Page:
Dow, John W. (2010). From the Desk of the Executive Director. Retrieved February 8,
2010, from http://www.srpc.us/index.htm.
Florida Alcohol & Drug Abuse Association. (2010). About Us -- Mission Statement.
("hite House Drug Policy: Funding." (2006) Office of National Drug Control Policy) The lack of medical resources, however, currently available through most CAPs may make it difficult for CAPs to provide meaningful medical aid to addicted individuals. Most of the aid is likely to be directed towards hosting counseling and support groups. However, unlike federal drug efforts, CAPs, by allying themselves with faith-based community partnerships can provide psychological support by directing persons in need towards the potentially beneficial role that faith and spirituality play in the prevention of drug and alcohol abuse as conveyed through programs designed to treat and promote recovery from substance abuse such as Alcoholics Anonymous and Narcotics Anonymous. ("Faith Based and Community Initiatives," 2006, Substance Abuse and Mental Health Services Administration)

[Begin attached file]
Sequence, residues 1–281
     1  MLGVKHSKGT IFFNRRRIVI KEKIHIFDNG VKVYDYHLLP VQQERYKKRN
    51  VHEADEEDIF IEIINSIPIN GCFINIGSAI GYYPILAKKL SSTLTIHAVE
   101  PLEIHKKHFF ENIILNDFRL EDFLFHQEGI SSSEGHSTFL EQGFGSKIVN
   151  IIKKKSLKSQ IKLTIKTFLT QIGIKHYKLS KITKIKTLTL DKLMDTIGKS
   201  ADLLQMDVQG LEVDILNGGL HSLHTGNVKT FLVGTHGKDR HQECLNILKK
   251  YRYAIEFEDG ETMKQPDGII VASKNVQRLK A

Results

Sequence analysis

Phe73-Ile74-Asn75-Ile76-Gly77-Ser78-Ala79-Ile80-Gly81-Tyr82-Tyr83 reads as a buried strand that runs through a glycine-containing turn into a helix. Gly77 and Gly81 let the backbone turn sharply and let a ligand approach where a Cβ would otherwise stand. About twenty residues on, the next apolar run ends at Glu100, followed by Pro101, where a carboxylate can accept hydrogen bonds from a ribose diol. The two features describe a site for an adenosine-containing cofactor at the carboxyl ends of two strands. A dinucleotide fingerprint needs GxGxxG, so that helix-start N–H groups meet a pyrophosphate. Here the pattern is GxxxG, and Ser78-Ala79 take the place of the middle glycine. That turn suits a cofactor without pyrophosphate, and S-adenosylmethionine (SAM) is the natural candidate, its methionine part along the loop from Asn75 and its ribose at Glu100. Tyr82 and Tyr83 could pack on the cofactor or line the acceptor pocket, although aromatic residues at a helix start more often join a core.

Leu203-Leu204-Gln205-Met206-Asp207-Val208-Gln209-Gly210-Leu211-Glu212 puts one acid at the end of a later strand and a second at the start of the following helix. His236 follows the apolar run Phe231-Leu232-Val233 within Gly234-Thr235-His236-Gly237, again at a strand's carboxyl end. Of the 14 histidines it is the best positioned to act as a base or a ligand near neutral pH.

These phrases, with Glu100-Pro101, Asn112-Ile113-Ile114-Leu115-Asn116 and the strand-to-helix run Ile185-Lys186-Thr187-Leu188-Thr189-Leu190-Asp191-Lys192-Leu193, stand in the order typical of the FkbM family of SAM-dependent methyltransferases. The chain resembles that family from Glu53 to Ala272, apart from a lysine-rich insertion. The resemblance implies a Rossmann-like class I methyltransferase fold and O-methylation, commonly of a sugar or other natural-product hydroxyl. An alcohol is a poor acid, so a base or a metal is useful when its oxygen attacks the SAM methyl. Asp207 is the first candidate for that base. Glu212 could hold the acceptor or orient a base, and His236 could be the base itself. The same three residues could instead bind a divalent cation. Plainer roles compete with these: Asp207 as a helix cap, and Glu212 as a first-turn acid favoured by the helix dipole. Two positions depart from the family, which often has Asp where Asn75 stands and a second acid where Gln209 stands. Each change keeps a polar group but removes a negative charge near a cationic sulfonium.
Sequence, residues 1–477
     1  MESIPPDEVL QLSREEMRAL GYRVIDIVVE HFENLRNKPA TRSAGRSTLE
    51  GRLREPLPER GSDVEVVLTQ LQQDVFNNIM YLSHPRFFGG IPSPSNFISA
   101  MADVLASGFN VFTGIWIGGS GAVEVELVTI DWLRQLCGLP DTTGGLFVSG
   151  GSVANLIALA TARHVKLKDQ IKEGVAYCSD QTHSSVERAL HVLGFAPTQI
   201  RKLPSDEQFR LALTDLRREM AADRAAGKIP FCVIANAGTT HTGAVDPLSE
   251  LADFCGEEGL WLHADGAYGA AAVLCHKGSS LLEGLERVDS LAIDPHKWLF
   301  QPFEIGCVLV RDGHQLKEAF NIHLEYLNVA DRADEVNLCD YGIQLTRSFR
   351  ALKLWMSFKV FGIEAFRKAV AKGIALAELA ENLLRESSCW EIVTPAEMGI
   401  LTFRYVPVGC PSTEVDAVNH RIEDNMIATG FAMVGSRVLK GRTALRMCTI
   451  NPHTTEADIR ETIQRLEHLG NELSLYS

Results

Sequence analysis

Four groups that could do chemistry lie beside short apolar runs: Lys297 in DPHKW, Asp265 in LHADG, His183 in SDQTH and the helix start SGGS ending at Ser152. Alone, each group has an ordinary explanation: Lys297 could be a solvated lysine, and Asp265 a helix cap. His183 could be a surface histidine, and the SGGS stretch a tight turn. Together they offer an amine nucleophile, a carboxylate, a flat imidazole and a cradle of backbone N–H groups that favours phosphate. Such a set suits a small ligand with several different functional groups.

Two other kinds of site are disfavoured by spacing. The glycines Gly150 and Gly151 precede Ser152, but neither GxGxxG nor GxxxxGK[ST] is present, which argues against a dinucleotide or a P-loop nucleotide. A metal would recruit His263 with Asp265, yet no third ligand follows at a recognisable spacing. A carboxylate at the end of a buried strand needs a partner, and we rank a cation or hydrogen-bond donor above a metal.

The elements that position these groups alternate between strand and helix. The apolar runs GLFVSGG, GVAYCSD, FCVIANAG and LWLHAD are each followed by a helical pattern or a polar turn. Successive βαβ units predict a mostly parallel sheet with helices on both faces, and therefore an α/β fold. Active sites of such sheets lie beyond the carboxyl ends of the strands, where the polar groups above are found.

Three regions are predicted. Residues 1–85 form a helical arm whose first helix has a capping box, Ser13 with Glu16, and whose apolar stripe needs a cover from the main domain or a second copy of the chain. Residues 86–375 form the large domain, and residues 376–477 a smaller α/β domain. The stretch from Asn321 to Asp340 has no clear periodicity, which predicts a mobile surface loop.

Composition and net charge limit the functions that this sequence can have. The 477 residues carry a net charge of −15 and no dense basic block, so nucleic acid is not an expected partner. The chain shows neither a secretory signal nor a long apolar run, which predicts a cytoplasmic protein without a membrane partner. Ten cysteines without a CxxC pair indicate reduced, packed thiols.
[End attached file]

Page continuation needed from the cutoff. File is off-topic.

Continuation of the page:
Relationship between CAPs and HIV / AIDS
CAPs would seem ideal to fight AIDS, given that CAPs can deploy "community-oriented primary care," or an approach…
About Us: Community Action Agencies (CAA)." (2006). Community Action
Partnership (CAP). Retrieved 2 Dec 2006 at http://www.communityactionpartnership.com/about/about_caas/default.asp
Community Action Agencies and Faith-Based Organizations: A Legacy of Productive partnerships." 2000). Community Action Partnership (CAP). Retrieved 2 Dec 2006 at http://www.communityactionpartnership.com/research/CAAs-FBOs.pdf
Community Action Agencies and Local Youth: Building a Future Together." (2003).
Indeed, the lack of "recognition and protection" by schools in general contributes to the "critically high level of suicide" among this community of minority students (146).